Title page for ETD etd-08272009-003738


Type of Document Dissertation
Author Turner, Scott Alexander
Author's Email Address scturner@vt.edu
URN etd-08272009-003738
Title Peer Review in CS2: the Effects on Attitudes, Engagement, and Conceptual Learning
Degree PhD
Department Computer Science
Advisory Committee
Advisor Name Title
Prez-Quiones, Manuel A. Committee Chair
Chase, Joseph Dwight Committee Member
Edwards, Stephen H. Committee Member
Evans, Michael A. Committee Member
Tatar, Deborah Gail Committee Member
Keywords
  • Computer Science Education
  • Peer Review
  • Peer Assessment
  • Learning
  • Engagement
  • Object-oriented Concept
Date of Defense 2009-08-13
Availability unrestricted
Abstract
In computer science, students could benefit from exposure to critical programming concepts from multiple perspectives. Peer review is one method to allow students to experience authentic uses of the concepts in a non-programming manner. Peer review provides students with the opportunity to evaluate other people’s work and, in doing so, allows for a rich learning experience. While much is known about peer review and it has many uses in other disciplines, the literature, especially in computer science, does not spend much time on the perspective of and benefits to the reviewer.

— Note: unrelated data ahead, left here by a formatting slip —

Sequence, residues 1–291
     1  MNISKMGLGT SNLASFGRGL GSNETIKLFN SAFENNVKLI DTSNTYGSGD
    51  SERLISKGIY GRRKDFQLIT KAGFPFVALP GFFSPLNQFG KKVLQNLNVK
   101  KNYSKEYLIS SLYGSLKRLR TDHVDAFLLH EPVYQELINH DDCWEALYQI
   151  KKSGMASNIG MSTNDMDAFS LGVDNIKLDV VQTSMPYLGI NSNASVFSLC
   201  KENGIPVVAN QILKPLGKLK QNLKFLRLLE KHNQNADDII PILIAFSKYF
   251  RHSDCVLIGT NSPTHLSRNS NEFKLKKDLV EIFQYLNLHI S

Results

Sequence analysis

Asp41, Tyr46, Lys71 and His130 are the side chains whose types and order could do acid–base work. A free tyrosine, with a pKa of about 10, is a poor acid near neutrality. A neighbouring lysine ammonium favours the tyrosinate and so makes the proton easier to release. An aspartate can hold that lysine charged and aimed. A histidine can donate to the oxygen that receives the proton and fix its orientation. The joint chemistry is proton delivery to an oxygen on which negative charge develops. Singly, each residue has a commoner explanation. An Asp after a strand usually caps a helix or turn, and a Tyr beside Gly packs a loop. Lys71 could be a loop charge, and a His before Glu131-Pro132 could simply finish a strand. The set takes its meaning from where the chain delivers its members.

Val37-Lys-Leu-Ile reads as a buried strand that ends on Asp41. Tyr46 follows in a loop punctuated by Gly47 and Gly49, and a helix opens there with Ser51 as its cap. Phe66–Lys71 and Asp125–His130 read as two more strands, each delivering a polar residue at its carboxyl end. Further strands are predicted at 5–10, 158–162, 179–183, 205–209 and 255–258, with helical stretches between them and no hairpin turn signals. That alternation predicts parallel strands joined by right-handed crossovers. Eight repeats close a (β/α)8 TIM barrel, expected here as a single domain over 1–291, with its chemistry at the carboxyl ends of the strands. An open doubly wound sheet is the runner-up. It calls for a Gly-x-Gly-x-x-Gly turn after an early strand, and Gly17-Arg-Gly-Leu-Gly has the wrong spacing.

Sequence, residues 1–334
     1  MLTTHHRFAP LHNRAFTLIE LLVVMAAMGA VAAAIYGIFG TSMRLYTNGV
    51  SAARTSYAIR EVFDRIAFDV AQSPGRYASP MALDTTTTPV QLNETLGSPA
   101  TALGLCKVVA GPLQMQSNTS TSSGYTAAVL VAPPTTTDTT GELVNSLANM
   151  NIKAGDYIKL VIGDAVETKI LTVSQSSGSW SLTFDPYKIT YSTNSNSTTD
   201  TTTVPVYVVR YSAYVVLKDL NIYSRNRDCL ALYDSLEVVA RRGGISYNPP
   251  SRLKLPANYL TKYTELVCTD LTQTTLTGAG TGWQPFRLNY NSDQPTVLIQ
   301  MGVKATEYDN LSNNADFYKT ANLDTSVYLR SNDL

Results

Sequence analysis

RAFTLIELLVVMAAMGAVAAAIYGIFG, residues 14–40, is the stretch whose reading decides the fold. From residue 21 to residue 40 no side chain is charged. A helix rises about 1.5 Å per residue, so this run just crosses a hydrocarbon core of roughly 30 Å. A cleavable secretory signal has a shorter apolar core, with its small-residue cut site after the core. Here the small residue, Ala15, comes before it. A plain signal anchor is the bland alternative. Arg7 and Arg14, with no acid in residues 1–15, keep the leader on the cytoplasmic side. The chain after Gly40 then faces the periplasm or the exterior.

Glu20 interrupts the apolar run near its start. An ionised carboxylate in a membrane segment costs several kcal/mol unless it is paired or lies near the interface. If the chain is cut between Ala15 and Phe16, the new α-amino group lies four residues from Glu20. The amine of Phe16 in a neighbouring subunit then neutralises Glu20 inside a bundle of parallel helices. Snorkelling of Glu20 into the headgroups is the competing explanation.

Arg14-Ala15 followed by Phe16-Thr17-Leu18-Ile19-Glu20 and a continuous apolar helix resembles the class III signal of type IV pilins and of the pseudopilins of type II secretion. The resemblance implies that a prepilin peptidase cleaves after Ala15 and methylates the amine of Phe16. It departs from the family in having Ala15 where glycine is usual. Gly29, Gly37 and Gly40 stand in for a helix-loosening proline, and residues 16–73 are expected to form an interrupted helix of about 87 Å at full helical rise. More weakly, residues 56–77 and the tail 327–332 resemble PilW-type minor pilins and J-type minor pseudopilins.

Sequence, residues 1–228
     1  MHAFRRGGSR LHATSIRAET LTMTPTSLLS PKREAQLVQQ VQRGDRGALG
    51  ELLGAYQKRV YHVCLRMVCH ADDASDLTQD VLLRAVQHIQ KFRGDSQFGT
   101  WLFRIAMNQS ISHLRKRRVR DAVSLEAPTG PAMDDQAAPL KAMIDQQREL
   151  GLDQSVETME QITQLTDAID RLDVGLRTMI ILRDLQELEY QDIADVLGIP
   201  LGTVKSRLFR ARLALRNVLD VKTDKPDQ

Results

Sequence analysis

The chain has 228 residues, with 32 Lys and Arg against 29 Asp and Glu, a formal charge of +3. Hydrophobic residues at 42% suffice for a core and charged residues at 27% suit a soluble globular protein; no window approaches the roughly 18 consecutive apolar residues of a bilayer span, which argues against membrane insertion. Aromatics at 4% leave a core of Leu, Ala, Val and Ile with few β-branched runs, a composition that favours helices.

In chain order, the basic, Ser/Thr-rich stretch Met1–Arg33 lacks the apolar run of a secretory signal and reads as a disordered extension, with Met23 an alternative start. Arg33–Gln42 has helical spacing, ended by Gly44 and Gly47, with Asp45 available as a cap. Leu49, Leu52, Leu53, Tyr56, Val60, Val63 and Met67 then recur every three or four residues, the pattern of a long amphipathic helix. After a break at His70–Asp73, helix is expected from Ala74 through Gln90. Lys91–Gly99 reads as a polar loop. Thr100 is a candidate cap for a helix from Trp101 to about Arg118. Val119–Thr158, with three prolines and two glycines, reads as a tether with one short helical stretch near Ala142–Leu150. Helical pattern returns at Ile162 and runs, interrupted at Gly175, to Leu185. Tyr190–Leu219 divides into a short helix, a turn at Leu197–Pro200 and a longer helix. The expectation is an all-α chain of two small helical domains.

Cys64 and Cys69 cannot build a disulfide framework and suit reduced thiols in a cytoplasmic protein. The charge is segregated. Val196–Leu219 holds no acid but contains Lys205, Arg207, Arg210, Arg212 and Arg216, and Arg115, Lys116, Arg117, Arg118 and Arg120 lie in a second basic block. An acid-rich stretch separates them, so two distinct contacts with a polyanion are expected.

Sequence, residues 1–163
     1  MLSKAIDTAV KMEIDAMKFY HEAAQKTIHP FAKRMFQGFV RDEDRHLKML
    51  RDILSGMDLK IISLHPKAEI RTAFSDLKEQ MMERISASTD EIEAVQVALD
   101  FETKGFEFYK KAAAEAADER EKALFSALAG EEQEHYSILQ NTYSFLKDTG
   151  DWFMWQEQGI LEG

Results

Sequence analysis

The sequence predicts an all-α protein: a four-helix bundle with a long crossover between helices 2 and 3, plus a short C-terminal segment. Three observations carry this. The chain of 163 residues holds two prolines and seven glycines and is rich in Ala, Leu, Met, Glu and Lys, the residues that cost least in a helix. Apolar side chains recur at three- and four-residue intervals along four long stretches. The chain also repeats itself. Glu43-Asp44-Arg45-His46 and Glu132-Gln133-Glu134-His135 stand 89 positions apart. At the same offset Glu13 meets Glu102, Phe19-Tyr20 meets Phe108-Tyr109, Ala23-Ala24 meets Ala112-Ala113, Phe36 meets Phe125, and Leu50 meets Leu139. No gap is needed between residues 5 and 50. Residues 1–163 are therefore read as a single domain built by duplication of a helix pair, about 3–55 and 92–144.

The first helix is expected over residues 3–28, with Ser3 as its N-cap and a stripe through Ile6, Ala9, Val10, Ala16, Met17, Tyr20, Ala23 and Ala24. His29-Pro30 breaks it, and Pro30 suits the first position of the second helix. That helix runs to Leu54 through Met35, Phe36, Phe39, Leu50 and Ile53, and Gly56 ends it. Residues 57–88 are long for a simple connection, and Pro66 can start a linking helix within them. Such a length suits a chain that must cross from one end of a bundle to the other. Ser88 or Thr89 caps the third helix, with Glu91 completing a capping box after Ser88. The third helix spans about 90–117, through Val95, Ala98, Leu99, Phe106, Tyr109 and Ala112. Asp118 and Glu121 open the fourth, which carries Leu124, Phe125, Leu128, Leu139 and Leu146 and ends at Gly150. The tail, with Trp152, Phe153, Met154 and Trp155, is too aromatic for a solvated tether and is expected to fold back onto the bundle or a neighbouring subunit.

In this work, we examine how to implement the peer review process in early, object-oriented, computer science courses as a way to develop the reviewers’ higher-level thinking skills, increase their knowledge of specific programming concepts, and to improve attitudes to help engage them in the activity. Specifically, we explore peer review and its effects on Abstraction, Decomposition, and Encapsulation and how the type of review (students reviewing their peers or reviewing materials from their instructor), influences these effects. We also look at how the students’ attitudes relate to their engagement in and the benefits from the reviews.

To study these ideas, we used peer review exercises in two CS2 classes at local universities over the course of a semester. We divided the students into three groups where one group reviewed their peers, one group reviewed their instructor, and one group completed small design or coding exercises. We measured the students’ attitudes and their conceptual understanding during the semester with surveys, tests, and concept maps. We collected the completed reviews as well.

We found that reviewing helped students learn Decomposition, especially those reviewing the instructor’s programs. We did not find evidence of improvements to the students’ level of thinking over the semester nor were there significant changes in their attitudes. However, the data showed that students assigned to review their peers were less likely to complete the assignments than the other students were. Overall, peer reviews are a valuable method for teaching Decomposition to CS2 students and can be used as an alternative way to learn object-oriented programming concepts.

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